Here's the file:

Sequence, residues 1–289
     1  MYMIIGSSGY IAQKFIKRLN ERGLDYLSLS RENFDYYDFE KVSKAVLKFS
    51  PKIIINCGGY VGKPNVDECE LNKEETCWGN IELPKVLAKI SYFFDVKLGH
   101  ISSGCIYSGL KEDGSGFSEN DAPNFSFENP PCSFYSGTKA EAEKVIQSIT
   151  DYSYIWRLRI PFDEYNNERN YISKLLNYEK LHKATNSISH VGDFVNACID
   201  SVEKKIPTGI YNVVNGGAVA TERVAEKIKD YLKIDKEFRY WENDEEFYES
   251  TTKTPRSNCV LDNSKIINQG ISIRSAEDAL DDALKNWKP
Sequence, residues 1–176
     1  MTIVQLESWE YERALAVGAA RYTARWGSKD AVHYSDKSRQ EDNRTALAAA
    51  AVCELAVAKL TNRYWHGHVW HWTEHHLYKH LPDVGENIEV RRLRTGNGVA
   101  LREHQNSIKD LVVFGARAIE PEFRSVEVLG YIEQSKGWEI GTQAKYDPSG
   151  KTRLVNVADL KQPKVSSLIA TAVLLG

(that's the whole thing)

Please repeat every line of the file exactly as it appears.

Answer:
Sequence, residues 1–289
     1  MYMIIGSSGY IAQKFIKRLN ERGLDYLSLS RENFDYYDFE KVSKAVLKFS
    51  PKIIINCGGY VGKPNVDECE LNKEETCWGN IELPKVLAKI SYFFDVKLGH
   101  ISSGCIYSGL KEDGSGFSEN DAPNFSFENP PCSFYSGTKA EAEKVIQSIT
   151  DYSYIWRLRI PFDEYNNERN YISKLLNYEK LHKATNSISH VGDFVNACID
   201  SVEKKIPTGI YNVVNGGAVA TERVAEKIKD YLKIDKEFRY WENDEEFYES
   251  TTKTPRSNCV LDNSKIINQG ISIRSAEDAL DDALKNWKP
Sequence, residues 1–176
     1  MTIVQLESWE YERALAVGAA RYTARWGSKD AVHYSDKSRQ EDNRTALAAA
    51  AVCELAVAKL TNRYWHGHVW HWTEHHLYKH LPDVGENIEV RRLRTGNGVA
   101  LREHQNSIKD LVVFGARAIE PEFRSVEVLG YIEQSKGWEI GTQAKYDPSG
   151  KTRLVNVADL KQPKVSSLIA TAVLLG